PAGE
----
Kerberos for Horizon and Keystone

I have a Horizon instance Proof of Concept. It has a way to go to be used in production, but the mechanism works.

This is not a how-to. I’ve written up some of the steps in the past. Instead, this is an attempt to illuminate some of the issues.

I started with a Packstack based all in one on Fedora 20 instance registered as a FreeIPA client. I hand modified Keystone to use HTTPD.

The Horizon HTTP instance is set up with S4U2Proxy. Since both Horizon and Keystone are on the same machine, it is both the source and target of the proxy rule; a user connecting via HTTPS gets a service ticket for Horizon, which then requests a delegated service ticket for itself. I’m not seeing any traffic on the KDC when this happens, which leads me to think that the Kerberos library is smart enough to reuse the initial service ticket for the user. However, I’ve also tested S4U2Proxy from HTTPD to Keystone on a remote machine in an earlier set up, and am fairly certain that this will work when Horizon and Keystone are not co-located.

After initial configuration, I did a git clone of the repositories for the projects I needed to modify:

  • django_openstack_auth
  • keystone
  • python-keystoneclient
  • python-openstackclient

To use this code, I switched to each directory and ran:

sudo pip install -e .

Horizon

overseas-broadening-horizons630x354

Horizon uses form based authentication. I have not modified this. Longer term, we would need to determine what UI to show based on the authentication mechanism. I would like to be able to disable Form Based authentication for the Kerberos case, as I think passing your Kerberos password over the wire is one of the worst security practices; We should actively discourage it.

Django OpenStack Auth and Keystone Client

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Django Reinhardt

Horizon uses a project called django-openstack-auth that communicates with Keystone client. This needs to work with client auth plugins. I’ve hacked this in code, but the right solution is for it to get the auth plugin out of the Django configuration options. Implied here is that django-openstack-auth should be able to use keystoneclient sessions and V3 Keystone authentication.

keystone_2705841439_067c16b192

When a user authenticates to Horizon, they do not set a project. Thus, Horizon does not know what project to pass in the token request. The Token API has some strange behaviour when it comes to token requests without an explicit scope. If the user has a default project set, they get a token scoped to that project. If they do not have a default project set, they get an unscoped token.

Jamie Lennox has some outstanding patches to Keystone client that address the Kerberos use cases. Specifically, if the client gets an unscoped token, there is no service catalog. Since the client makes calls to Keystone based on endpoints in the service catalog, it cannot use an unscoped token. One of Jamie’s patches address this; if there is no service catalog, continue to use the Auth URL to talk to Keystone. This is a bit of an abuse of the Auth URL and really should only be used to get the list of domains or projects for a user. Once the user has this information, they can request a scoped token. This is what Horizon needs to do on behalf of the user.

While Keystone can use Kerberos as an “method” value when creating a token, the current set of plugins did not allow for mapping to the DefaultDomain. There is a plugin for “external” to do that, and I subclassed that for Kerberos. There is an outstanding ticket for removing the “method” value from the plugin implementations, which will reduce the number of classes we need to implement common behavior.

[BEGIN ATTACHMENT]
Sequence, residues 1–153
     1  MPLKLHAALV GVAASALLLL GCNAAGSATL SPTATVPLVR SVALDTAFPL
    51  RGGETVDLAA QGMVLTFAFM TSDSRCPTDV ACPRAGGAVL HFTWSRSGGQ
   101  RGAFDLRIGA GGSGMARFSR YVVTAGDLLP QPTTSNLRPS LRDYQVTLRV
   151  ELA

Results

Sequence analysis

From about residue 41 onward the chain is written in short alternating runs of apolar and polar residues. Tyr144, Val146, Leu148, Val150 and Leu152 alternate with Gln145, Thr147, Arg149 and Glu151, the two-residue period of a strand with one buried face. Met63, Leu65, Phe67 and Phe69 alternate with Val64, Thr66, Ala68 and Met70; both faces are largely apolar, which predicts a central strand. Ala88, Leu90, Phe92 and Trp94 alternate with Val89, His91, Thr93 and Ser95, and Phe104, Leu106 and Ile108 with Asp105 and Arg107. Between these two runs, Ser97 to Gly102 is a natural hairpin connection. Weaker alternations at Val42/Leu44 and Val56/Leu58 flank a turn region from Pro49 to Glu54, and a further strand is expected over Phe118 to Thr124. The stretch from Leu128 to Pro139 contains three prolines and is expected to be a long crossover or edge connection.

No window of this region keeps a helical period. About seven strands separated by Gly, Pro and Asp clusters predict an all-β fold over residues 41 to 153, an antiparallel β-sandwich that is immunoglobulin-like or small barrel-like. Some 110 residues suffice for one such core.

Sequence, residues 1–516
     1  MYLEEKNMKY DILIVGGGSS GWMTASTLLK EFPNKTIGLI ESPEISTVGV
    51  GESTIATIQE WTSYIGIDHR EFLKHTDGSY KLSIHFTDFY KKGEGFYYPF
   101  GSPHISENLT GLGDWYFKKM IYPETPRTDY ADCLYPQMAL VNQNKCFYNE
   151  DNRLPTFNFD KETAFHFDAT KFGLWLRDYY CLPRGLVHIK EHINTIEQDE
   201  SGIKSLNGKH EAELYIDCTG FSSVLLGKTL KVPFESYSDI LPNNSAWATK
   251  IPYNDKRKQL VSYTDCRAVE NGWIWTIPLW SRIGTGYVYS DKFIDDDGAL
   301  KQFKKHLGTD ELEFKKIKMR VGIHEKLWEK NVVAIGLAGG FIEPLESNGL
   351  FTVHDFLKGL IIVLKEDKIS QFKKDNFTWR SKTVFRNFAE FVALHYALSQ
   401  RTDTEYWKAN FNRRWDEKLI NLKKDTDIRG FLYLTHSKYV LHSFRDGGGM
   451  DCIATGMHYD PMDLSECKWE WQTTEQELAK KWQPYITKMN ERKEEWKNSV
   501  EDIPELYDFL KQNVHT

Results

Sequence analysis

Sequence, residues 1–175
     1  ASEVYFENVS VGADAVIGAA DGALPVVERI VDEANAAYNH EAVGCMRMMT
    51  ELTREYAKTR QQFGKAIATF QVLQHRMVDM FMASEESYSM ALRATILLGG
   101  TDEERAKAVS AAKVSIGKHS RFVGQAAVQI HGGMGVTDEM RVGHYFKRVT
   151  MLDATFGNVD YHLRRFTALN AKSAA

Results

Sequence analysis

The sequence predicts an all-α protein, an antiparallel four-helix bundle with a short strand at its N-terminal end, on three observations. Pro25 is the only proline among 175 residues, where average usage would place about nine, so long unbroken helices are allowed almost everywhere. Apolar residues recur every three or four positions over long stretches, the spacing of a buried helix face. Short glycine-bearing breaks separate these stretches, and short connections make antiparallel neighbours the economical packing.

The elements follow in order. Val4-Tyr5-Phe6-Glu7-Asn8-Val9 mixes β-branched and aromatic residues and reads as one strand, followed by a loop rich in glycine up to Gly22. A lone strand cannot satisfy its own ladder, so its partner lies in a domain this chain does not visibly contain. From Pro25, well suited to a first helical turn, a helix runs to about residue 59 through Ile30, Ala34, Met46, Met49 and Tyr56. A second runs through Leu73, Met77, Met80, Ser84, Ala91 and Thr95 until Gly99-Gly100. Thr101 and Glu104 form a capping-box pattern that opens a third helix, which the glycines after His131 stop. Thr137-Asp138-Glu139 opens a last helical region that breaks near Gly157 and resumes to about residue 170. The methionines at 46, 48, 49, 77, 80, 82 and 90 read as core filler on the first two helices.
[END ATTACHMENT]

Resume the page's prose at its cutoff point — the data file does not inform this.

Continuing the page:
To talk to a Kerberos protected Keystone, the Keystone client needs to use the Kerberos Auth plugin. However, it can only use this to get a token; the auth plugin does not handle other communication. Thus, only the /auth/tokens path should be Kerberos protected. Here is what I am using:

<Location "/keystone/krb">
  LogLevel debug
  WSGIProcessGroup keystone_krb_wsgi
  NSSRequireSSL
</Location>

<Location "/keystone/krb/v3/auth/tokens">
  AuthType Kerberos
  AuthName "Kerberos Login"
  KrbMethodNegotiate on
  KrbMethodK5Passwd off
  KrbServiceName HTTP
  KrbAuthRealms IPA.CLOUDLAB.FREEIPA.ORG
  Krb5KeyTab /etc/httpd/conf/openstack.keytab
  KrbSaveCredentials on
  KrbLocalUserMapping on
  # defaults off, but to be explicit
  # Keystone should not be a proxy 
  KrbConstrainedDelegation off
  Require valid-user
  NSSRequireSSL
</Location>

<Location "/dashboard/auth/login/">
  LogLevel debug
  AuthType Kerberos
  AuthName "Kerberos Login"
  KrbMethodNegotiate on
  KrbMethodK5Passwd off
  KrbServiceName HTTP
  KrbAuthRealms IPA.CLOUDLAB.FREEIPA.ORG
  Krb5KeyTab /etc/httpd/conf/openstack.keytab
  KrbSaveCredentials on
  KrbLocalUserMapping on
  KrbConstrainedDelegation on
  Require valid-user
  NSSRequireSSL
</Location>

To go further, the Kerberos protection should be optional if you wish to allow other authentication methods to be stacked with Kerberos.

This implies that the value:

Require valid-user

Should be in the HTTPD conf section for Horizon, but not for Keystone. This does not yet work for me, and I will investigate further.

Herakles_menangkap_Kerberos

Manage Kerberos like a Hero

Secure web communications require cryptography. For authentication, the two HTTP based standards are Client Side Certificates and Kerberos. Of the two, only Kerberos allows for constrained delegation in a standardized way. Making Kerberos part of the standard approach to OpenStack will lead to a more secure OpenStack.

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